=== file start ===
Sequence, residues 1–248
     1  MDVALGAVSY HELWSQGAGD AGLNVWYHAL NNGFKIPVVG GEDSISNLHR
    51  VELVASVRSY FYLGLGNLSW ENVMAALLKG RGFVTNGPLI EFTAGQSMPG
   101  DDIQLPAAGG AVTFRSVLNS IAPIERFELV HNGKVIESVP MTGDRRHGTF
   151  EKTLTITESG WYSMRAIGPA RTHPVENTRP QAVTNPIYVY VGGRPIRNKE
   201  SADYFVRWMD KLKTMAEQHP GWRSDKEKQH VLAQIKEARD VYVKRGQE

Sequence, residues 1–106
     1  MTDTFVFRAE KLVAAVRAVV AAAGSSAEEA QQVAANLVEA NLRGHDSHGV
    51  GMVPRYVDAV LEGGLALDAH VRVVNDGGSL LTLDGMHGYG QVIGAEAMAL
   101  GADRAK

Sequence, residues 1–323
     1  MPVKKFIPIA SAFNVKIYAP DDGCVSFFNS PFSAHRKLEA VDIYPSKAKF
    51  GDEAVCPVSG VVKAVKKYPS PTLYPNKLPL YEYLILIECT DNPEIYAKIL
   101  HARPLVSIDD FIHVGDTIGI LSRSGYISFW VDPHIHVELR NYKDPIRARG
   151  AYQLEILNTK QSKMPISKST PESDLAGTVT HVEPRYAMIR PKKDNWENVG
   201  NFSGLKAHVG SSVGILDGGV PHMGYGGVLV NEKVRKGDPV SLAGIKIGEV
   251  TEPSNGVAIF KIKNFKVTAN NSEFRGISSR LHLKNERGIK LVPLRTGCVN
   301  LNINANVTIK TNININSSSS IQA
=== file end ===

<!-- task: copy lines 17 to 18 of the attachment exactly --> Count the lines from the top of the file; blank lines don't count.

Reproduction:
   251  TEPSNGVAIF KIKNFKVTAN NSEFRGISSR LHLKNERGIK LVPLRTGCVN
   301  LNINANVTIK TNININSSSS IQA